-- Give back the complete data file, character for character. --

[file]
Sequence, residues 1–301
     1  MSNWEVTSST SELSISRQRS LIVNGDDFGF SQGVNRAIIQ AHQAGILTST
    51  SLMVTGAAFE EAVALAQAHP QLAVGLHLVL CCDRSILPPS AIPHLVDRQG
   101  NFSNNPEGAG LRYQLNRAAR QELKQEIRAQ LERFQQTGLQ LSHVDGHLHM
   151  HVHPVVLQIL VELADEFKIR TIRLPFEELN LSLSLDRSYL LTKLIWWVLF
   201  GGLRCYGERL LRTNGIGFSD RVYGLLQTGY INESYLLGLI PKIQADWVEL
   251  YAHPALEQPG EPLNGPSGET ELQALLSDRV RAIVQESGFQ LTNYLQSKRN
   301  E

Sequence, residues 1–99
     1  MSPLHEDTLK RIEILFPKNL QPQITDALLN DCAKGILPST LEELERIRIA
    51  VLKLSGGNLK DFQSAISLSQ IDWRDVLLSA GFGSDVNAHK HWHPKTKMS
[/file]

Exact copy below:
Sequence, residues 1–301
     1  MSNWEVTSST SELSISRQRS LIVNGDDFGF SQGVNRAIIQ AHQAGILTST
    51  SLMVTGAAFE EAVALAQAHP QLAVGLHLVL CCDRSILPPS AIPHLVDRQG
   101  NFSNNPEGAG LRYQLNRAAR QELKQEIRAQ LERFQQTGLQ LSHVDGHLHM
   151  HVHPVVLQIL VELADEFKIR TIRLPFEELN LSLSLDRSYL LTKLIWWVLF
   201  GGLRCYGERL LRTNGIGFSD RVYGLLQTGY INESYLLGLI PKIQADWVEL
   251  YAHPALEQPG EPLNGPSGET ELQALLSDRV RAIVQESGFQ LTNYLQSKRN
   301  E

Sequence, residues 1–99
     1  MSPLHEDTLK RIEILFPKNL QPQITDALLN DCAKGILPST LEELERIRIA
    51  VLKLSGGNLK DFQSAISLSQ IDWRDVLLSA GFGSDVNAHK HWHPKTKMS